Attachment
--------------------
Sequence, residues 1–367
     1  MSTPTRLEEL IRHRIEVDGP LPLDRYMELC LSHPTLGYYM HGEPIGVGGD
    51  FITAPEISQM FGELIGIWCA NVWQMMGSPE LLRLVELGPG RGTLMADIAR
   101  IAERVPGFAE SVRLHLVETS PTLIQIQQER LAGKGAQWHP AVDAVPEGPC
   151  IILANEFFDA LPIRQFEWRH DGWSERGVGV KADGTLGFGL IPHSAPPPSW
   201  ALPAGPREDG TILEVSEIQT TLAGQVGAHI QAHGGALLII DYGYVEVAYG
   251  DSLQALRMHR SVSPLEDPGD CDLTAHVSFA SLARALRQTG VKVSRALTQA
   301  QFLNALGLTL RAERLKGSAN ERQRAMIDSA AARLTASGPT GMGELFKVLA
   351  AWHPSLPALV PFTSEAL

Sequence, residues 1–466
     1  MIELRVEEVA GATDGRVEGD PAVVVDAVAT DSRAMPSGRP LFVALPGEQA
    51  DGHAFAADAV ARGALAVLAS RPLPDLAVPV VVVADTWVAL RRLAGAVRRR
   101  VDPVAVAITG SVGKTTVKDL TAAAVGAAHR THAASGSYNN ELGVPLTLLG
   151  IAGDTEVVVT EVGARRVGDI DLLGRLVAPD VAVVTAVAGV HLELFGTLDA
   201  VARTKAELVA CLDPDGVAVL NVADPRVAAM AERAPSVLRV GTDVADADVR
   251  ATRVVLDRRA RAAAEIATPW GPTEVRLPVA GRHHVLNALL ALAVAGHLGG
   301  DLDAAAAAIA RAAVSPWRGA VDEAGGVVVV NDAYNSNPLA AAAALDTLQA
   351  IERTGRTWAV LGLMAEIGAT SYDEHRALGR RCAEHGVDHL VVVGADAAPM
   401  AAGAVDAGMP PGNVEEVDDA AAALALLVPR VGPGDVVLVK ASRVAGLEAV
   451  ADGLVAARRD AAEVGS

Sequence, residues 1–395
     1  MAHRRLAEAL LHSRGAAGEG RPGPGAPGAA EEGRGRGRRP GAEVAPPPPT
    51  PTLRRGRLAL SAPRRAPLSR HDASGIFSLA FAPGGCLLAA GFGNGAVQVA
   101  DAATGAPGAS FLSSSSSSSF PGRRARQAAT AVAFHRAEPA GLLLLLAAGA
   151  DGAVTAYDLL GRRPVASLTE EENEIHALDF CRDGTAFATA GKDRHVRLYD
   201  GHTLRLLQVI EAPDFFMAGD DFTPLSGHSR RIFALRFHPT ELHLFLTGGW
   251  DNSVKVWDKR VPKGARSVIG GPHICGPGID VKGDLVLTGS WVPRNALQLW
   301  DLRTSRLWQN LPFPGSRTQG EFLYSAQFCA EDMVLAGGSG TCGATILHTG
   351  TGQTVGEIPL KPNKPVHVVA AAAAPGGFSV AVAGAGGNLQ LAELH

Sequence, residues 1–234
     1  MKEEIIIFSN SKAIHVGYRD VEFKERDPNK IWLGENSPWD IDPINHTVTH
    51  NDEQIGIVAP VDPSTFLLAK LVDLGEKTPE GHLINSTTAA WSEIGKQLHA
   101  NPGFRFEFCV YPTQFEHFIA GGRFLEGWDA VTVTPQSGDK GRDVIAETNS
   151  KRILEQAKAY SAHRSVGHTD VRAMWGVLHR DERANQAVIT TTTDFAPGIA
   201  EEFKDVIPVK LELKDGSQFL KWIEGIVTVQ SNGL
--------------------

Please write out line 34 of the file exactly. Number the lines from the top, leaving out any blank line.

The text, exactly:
   151  KRILEQAKAY SAHRSVGHTD VRAMWGVLHR DERANQAVIT TTTDFAPGIA